Alexander Hamilton Stephens, an American statesman, born in Taliaferro co., Ga., Feb. 11, 1812. He graduated at Franklin college, Athens, Ga., in 1832, was admitted to the bar in 1834, and rapidly obtained a large and lucrative practice at Crawfordville. He was elected to the legislature of Georgia in 1836, and was reelected for five successive terms. In 1842 he was elected to the state senate. In 1843 he was elected as a whig to congress, and held his seat till 1859. In February, 1847, he submitted a series of resolutions in relation to the Mexican war, which afterward formed the platform of the whig party. He opposed the Clayton compromise in 1848, and took a leading part in the compromises of 1850. The passage of the Kansas and Nebraska act of 1854 in the house of representatives was strongly supported by him as chairman of the committee on territories. After the breaking up of the whig party he acted with the democrats. At the close of the 35th congress Mr. Stephens declined to be again a candidate, and on July 2, 1859, he made a speech at Augusta, Ga., announcing his retirement from public life.

During the presidential canvass of 1860 he sustained Douglas, and denounced those who advocated a dissolution of the Union in case of Mr. Lincoln's election; and in November, 1860, he made a speech before the legislature of Georgia against secession, on which subject he had an interesting correspondence with Mr. Lincoln in December. He was nevertheless elected to the secession convention which met at Milledgeville, Jan. 16, 1861, and there spoke and voted against the secession ordinance. He was a member of the southern congress which met in Montgomery, Ala., in February, and was elected vice president of the confederacy. On March 21 he delivered a speech in Savannah, in which he declared slavery to be the corner stone of the new government. (See Confederate States.) On April 23, as a special commissioner from the Confederate States, he addressed the convention at Richmond, urging the union of Virginia with the confederacy. He frequently differed from the policy of the Richmond government, especially on the subject of martial law; and on Sept. 8, 1862, he pronounced the appointment by Gen. Bragg of James M. Calhoun as civil governor of Atlanta a palpable usurpation. His letter on this subject created a marked sensation through the south.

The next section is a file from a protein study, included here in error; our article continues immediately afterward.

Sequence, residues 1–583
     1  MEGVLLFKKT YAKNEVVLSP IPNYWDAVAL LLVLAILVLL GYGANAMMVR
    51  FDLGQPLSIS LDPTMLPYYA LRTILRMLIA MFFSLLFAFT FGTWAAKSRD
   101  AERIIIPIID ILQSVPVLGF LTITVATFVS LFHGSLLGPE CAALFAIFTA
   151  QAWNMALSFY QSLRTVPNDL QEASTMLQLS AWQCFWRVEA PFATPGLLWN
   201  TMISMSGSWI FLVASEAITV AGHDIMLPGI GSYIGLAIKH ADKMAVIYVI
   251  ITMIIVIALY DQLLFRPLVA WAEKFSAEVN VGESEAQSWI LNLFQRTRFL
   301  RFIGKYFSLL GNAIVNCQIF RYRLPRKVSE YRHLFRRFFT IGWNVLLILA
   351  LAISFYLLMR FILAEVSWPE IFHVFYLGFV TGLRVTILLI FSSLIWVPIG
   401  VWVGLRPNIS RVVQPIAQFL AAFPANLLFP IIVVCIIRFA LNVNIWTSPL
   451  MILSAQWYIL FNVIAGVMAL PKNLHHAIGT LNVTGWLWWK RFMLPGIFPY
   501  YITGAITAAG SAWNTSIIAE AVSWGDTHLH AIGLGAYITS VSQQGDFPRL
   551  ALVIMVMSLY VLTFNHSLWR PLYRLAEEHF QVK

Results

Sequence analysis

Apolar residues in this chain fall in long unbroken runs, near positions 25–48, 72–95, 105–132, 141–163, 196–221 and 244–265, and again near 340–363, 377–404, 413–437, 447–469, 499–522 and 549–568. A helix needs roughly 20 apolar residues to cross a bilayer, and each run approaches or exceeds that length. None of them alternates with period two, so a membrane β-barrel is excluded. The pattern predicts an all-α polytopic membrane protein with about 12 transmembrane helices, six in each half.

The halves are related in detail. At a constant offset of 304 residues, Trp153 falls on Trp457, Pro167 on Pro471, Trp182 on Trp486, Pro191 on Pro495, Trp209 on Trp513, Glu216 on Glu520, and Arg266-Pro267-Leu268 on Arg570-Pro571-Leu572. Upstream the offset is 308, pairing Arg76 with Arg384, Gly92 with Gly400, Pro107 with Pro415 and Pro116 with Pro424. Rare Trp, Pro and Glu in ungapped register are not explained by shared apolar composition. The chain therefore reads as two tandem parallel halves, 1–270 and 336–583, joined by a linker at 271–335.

On Feb. 3, 1865, with R. M. T. Hunter and John A. Campbell, he held an informal conference on a steamer in Hampton roads with President Lincoln and Mr. Seward, which had no practical result. After Lee's surrender Stephens returned to his home in Crawfordville, where on May 11, 1865, he was arrested and sent to Fort Warren in Boston harbor; but on Oct. 11 he was released on parole. On Feb. 22, 1866, he delivered a speech before the legislature of Georgia favoring the restoration policy of President Johnson. In the same month he was elected to the United States senate, but as the state had not complied with the conditions of reconstruction, he was not permitted to take his seat. In 1872 he was elected to congress, and again in 1874, almost without opposition. He has published "A Constitutional View of the Late War between the States, its Causes, Character, Conduct, and Results" (2 vols. 8vo, Philadelphia, 1868-'70), and several speeches. - See "Alexander II. Stephens, in Public and Private," with his letters and speeches before, during, and since the war, by Henry Cleveland (8vo, Philadelphia, 1867).